If there is one piece of advice Samantha Collings has for university students, is that it’s okay to be uncertain about your career path.
From growing up in Tāmaki Makaurau, Sam (Ngāpuhi) knew from a young age that she was passionate about the marine environment.
“I would regularly go back up north with my whānau, where we were always near or on the water. Over the years, I saw the environment changing. From those defining experiences, I felt the passion and drive to protect our moana and whenua.”
Sam encourages everyone to follow their passion. If you have something that you are interested in, then go for it. Reach out and ask your peers, whānau, and especially people you look up to, how to get involved in the space you want to be in. For some, this will hit home and be the encouragement they need to follow their dream rather than perhaps what they “should do”. For others, this may be intimidating as some don’t fully know what they want to do, and to that, Sam would say “That’s okay”. People’s circumstances and priorities are constantly changing. The biggest thing is to not let your fear stop you from embracing opportunities.
Samantha is a Fisheries Analyst and being part of the Te Pūtea Whakatupu Trust alumni is a special feeling. It’s whanaungatanga, it’s the opportunity to meet and be part of a whole network of young, passionate, Māori who are all eager to see Māori thrive and continue to thrive, together.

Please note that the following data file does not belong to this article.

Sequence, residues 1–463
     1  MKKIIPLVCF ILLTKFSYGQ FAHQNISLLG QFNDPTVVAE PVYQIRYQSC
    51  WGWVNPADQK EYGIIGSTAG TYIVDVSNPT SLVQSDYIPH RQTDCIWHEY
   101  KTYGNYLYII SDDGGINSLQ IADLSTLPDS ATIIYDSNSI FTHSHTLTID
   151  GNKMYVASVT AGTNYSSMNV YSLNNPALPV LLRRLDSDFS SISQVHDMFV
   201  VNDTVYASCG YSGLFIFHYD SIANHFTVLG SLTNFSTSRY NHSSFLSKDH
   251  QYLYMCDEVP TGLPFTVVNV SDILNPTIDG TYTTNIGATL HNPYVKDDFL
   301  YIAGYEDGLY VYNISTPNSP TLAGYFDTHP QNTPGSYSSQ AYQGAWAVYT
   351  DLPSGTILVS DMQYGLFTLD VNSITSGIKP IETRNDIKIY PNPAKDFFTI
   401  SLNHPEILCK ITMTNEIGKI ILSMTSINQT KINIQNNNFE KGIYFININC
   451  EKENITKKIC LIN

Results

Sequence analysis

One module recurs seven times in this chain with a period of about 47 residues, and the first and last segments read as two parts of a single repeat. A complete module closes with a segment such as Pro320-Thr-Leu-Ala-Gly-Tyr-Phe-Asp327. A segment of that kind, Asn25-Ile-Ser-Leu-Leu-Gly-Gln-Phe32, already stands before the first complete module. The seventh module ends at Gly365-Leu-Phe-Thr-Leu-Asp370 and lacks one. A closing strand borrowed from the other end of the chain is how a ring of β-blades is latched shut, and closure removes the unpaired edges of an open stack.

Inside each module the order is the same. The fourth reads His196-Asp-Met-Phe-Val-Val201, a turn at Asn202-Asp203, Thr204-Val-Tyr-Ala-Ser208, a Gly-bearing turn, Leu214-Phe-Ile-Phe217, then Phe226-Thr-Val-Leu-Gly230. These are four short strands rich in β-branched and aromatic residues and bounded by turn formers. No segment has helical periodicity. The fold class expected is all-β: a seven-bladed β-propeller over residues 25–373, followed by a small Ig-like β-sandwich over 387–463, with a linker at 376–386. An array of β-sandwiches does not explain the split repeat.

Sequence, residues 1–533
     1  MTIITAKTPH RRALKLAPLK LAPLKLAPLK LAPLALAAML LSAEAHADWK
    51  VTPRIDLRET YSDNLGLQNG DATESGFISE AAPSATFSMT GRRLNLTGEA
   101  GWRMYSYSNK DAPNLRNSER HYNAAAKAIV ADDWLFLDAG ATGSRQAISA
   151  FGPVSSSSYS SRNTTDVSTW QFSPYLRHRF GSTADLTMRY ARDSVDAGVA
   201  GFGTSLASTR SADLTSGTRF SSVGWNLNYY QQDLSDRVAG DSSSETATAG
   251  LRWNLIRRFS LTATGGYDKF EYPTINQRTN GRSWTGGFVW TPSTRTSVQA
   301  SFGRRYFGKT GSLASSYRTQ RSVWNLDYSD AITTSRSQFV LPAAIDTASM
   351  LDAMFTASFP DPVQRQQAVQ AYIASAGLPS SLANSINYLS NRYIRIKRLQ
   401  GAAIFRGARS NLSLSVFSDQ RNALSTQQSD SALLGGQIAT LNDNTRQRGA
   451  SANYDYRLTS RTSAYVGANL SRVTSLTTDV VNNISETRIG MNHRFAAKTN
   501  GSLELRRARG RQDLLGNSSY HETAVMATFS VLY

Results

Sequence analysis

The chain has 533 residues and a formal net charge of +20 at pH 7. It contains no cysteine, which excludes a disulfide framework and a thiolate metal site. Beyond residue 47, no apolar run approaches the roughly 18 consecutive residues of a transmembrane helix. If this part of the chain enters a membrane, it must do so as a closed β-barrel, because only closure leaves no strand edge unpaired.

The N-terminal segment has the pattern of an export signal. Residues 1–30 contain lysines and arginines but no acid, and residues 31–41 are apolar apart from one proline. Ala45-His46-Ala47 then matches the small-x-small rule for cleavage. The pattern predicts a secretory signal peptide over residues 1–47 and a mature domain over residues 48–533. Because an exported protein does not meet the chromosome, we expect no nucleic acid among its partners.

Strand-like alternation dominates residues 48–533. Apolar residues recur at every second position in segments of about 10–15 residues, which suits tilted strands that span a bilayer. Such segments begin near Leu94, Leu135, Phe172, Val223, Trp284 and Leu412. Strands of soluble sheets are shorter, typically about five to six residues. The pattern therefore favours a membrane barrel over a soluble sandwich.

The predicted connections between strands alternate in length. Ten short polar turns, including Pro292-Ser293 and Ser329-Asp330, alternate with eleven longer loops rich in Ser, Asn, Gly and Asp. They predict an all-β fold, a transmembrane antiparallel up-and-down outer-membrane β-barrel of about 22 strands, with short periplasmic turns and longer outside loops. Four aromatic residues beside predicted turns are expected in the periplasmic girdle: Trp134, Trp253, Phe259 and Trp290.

“Opportunities with Te Pūtea Whakatupu Trust are not only a way to monetarily support our people to be able to attain further education, but to create a network of support, connection, and futureproofing”.
While Samantha is happy to be working back home in Aotearoa, her journey continues.
“I’m learning a lot in my current role as a Fisheries Analyst. We provide advice to the Minister of Fisheries in regard to fishing rules and regulations. I’m relishing the opportunity to do my best to ensure that the voices of Tangata Whenua are properly heard. Also, on the cards is exploring my Masters – it’s something I’d like to do. Right now, it would be blending an aspect of marine biology or fisheries management, with Mātauranga Māori. I want my mahi to be with and for Māori.”
Sam is grateful for the opportunities Te Pūtea Whakatupu Trust has given all the scholarship recipients.
“If you want to go fast – go alone. If you want to go far – go together.”